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NOAA Fisheries taking comments on Gulf Rationalization. What do you think?

The LegHead Report

legheadreport.jpg LegHead (ledj-hed) Report weekdays at 12:20 p.m.

Fish Radio with Laine Welch

 Weekdays at 12:20 p.m.

Galley Tables

Chiniak Fire 2015, Release No. 12
Kodiak, Alaska — Friday, August 28 — The shelter at the Kodiak Middle School was inactivated.
People in need of Red Cross services may contact Red Cross volunteers at (907) 942-5059.
The Kodiak emergency operations center is now supporting the State Division of Forestry crews who are on location in the Chiniak area.
We encourage you to continue to listen to KMXT for updated information and also watch for updates on the Kodiak Police Department Facebook page.  
Jun 24 2015
City Has Allowed Near Island Quarry Expansion for Five Years Without Permit
Wednesday, 24 June 2015
1.46 MB | Download MP3 | Open in popup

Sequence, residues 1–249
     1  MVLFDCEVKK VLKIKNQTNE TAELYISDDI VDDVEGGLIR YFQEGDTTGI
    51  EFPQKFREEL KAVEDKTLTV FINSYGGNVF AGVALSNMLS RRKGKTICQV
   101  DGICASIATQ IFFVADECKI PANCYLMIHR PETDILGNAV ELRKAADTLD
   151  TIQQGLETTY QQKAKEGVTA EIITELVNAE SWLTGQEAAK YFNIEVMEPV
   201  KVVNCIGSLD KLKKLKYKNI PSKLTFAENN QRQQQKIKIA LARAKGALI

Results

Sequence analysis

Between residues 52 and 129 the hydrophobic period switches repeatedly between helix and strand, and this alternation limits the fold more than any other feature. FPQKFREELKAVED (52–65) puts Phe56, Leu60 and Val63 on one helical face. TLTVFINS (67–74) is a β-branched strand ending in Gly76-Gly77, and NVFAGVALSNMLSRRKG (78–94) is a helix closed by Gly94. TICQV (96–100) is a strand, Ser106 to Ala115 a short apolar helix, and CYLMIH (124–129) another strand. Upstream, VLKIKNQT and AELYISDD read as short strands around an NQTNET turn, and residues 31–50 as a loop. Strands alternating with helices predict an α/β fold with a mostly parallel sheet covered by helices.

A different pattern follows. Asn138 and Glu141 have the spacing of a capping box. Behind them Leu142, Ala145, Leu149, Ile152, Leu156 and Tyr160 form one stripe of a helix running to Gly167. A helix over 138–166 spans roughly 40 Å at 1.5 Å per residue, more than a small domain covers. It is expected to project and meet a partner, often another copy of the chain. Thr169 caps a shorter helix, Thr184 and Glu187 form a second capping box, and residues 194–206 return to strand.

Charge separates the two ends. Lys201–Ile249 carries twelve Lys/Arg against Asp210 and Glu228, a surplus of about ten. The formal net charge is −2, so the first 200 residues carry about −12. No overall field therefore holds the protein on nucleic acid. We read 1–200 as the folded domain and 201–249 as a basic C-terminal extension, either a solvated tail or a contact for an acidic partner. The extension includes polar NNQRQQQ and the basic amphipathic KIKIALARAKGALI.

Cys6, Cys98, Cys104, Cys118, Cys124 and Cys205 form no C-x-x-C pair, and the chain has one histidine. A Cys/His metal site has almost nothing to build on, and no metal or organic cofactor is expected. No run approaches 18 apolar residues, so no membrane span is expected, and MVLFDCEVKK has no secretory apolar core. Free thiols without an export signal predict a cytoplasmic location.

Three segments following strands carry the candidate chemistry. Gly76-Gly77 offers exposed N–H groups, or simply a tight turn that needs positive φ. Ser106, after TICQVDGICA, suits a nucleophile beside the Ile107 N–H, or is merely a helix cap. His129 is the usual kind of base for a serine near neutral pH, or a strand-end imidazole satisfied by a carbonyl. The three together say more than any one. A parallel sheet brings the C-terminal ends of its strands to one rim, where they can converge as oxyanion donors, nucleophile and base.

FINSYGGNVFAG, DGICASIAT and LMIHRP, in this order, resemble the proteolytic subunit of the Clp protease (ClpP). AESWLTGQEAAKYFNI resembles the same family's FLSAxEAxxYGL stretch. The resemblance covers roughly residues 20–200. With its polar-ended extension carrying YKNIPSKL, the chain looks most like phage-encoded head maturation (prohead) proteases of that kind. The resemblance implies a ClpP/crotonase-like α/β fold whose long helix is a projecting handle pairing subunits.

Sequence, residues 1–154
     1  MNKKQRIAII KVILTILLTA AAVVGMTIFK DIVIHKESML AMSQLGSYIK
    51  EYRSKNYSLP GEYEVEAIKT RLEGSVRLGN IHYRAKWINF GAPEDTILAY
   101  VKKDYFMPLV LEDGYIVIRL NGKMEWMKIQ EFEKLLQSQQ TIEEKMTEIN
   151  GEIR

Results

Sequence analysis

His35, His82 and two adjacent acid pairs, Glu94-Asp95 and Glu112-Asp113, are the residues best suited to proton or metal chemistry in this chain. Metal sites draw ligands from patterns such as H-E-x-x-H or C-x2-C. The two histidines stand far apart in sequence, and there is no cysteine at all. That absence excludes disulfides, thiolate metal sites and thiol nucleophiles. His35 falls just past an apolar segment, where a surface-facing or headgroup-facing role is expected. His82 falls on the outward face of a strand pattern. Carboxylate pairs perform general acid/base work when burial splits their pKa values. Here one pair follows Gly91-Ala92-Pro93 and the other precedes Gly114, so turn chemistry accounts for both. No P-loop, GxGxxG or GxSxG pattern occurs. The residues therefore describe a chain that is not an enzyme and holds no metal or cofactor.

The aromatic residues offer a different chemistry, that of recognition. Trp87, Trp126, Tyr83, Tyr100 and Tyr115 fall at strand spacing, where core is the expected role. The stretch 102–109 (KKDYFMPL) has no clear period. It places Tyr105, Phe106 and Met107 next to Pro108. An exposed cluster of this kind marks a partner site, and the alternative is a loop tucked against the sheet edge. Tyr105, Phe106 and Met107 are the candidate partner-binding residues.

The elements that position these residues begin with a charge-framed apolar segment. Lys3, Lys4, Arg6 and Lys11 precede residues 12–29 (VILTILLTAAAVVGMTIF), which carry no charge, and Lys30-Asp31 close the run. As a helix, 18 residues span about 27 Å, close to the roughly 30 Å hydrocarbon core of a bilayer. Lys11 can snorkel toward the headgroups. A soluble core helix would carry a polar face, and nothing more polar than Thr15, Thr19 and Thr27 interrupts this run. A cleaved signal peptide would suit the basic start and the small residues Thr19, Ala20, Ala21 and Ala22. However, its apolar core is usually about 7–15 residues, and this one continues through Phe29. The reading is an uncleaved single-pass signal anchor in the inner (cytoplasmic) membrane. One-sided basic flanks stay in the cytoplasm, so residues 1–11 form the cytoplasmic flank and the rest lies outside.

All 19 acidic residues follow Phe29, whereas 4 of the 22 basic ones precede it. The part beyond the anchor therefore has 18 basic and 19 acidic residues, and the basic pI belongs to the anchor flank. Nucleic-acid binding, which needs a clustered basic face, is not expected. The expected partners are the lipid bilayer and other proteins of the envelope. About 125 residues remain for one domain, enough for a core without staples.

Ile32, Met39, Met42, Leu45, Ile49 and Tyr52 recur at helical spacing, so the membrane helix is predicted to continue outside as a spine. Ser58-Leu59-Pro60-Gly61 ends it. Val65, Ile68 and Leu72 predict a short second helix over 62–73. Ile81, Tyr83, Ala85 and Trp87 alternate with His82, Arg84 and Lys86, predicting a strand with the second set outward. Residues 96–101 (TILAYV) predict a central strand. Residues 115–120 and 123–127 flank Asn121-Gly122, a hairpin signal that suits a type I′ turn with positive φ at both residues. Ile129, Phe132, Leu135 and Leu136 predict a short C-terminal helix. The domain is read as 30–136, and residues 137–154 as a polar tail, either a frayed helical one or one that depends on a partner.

Overhead view of quarrying on Near Island from Kodiak Island Borough GIS online. 
Jay Barrett/KMXT
As quarrying continues on Near Island adjacent to St. Herman Harbor, a group of citizens have become concerned at the extent of land being lost, and have discovered the city has not had the right permits to allow the excavation that has been done over the past five years.

“That land is actually zoned conservation,” said Jill Wittenbrader, a local attorney who has circulated a petition asking the city to stop. “When the Near Island Comprehensive Plan came out, they went to the lengths to designate eagle nesting and trees in that specific area. But those trees have all been cut down and mined now.”